The modern design trend is minimal widgets and minimal chrome, where as older design trend are heavier on buttons and chrome.
But I'm sure you know that trendiness is cyclical. I just want off the treadmill.
Think of it like learning Dvorak. Sure, in theory, by some arbitrary histrionics, these new UIs are 3% more "effective". There's no real objective proof of it, but people just feel like it is. And hell, maybe it really is! So to gain that 3% advantage, they want you to throw out 20 years of muscle memory and familiarity. They want you to throw away all that you're used to and retrain yourself again and again. And sure, maybe after enough time, you might actually like it a little bit more. But all of the time you've wasted relearning everything will never make up for the tiny, marginal increase in efficiency you gained. Nor for all you had to give up to get there.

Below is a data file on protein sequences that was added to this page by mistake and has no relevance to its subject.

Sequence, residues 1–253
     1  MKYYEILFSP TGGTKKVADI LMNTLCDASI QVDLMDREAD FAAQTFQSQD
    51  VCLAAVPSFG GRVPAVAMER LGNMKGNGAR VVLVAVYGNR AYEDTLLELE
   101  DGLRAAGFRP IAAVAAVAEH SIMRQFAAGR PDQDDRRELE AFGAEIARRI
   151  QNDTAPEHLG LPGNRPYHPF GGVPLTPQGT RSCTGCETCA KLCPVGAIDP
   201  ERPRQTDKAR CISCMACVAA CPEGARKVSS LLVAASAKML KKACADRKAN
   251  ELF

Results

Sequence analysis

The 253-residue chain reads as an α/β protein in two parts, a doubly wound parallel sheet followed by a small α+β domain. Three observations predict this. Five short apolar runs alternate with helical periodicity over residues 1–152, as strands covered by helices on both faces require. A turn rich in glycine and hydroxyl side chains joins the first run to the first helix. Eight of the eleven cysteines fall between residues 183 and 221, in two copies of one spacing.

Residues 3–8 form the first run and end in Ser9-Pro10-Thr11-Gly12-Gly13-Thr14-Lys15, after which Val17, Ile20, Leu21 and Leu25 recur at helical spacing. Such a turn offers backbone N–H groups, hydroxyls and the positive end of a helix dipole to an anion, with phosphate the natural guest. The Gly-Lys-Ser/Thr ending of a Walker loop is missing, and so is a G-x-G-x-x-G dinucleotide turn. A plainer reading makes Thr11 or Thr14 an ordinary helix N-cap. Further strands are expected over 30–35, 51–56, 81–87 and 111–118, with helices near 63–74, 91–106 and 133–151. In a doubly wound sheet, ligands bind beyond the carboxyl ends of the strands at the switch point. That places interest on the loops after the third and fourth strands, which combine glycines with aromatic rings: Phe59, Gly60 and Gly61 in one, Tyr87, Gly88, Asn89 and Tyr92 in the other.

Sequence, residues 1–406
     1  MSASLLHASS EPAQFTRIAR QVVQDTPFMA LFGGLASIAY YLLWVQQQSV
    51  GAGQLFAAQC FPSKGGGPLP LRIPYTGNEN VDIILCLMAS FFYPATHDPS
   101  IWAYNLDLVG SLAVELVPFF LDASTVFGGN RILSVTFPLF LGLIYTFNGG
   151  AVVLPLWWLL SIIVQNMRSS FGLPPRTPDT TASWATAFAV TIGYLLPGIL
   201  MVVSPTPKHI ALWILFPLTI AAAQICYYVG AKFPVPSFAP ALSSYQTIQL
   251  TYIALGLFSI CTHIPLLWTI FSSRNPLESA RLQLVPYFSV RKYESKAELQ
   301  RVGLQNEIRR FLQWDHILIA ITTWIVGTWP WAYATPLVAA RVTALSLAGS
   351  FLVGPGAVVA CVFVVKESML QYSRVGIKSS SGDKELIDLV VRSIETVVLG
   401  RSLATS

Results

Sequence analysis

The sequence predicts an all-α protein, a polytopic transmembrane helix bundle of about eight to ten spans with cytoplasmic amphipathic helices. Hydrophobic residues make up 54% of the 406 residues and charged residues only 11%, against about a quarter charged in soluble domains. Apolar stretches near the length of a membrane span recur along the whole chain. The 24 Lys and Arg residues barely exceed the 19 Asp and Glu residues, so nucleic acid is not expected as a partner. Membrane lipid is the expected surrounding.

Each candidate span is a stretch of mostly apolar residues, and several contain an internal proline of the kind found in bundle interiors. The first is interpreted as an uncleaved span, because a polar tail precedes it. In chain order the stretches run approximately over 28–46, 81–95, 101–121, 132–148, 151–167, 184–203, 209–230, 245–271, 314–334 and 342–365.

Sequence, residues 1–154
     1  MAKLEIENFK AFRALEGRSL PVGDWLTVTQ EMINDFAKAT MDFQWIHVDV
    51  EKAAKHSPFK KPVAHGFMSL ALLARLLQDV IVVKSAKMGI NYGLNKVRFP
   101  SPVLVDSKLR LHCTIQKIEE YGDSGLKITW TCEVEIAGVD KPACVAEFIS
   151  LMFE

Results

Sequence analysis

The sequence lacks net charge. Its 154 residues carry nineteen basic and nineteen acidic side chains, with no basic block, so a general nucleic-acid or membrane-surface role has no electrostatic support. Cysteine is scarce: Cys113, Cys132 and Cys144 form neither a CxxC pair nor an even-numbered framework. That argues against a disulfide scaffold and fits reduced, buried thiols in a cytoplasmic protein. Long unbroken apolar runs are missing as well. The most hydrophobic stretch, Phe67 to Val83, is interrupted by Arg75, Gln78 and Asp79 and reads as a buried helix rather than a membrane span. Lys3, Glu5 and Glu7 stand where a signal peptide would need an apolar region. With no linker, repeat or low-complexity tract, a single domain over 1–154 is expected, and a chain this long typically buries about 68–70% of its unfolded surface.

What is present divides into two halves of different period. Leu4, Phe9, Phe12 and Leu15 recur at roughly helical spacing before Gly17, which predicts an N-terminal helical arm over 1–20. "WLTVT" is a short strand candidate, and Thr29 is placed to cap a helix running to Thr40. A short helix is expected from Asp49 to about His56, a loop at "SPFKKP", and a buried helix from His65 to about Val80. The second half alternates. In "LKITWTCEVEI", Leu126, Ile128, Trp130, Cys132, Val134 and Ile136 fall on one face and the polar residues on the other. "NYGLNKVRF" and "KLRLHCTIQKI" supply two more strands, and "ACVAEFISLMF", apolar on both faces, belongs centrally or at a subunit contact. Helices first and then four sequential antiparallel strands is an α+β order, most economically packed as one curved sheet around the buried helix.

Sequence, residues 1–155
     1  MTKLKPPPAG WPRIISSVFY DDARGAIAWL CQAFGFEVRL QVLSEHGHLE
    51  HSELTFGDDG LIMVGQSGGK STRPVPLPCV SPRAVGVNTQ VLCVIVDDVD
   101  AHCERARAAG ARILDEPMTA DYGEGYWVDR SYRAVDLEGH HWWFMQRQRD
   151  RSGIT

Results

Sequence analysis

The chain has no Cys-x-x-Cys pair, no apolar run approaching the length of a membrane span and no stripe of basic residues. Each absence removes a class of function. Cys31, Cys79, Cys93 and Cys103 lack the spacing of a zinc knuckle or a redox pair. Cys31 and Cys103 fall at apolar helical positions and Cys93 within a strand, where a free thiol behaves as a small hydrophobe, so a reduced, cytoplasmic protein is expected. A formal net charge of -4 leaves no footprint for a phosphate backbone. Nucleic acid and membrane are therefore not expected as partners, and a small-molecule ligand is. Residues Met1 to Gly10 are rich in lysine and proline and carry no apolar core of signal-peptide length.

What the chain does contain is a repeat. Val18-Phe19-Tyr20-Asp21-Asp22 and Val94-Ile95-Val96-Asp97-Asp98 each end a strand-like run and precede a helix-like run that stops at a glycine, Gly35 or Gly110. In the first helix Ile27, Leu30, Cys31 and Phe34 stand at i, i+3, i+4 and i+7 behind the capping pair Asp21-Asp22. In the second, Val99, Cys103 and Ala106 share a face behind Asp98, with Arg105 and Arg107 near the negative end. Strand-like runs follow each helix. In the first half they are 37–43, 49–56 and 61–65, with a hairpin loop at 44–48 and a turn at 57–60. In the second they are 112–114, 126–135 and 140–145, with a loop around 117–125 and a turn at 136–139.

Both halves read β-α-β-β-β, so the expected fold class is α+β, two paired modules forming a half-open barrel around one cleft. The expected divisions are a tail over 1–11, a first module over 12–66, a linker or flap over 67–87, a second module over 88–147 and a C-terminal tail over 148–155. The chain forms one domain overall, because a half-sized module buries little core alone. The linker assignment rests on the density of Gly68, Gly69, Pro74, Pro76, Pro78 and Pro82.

But this attitude of eternal improvement never ends. You jump on Dvorak because it's such an improvement, and you spend months, maybe years, getting up to your native speed again ... and along comes Colemak, but now it has competition with Workman. Which do you choose? Colemak or Workman? Gnome 3 or Unity? Gotta throw away that Qwerty and Dvorak mechanical keyboard; gotta throw away all those old GTK2 UIs; and start over.
The infinitesimal, unscientific usability enhancements are so subjective as to be irrelevant. Change certainly favors the young, and is hardest on the older generations; but true positive change has historically been accomplished incrementally through evolution (Windows 3.1 - XP, parts of 7). Yet nowadays, it's trying for revolution. Choice is no longer en vogue. And this attitude is ... pervasive. And that is absolutely terrifying.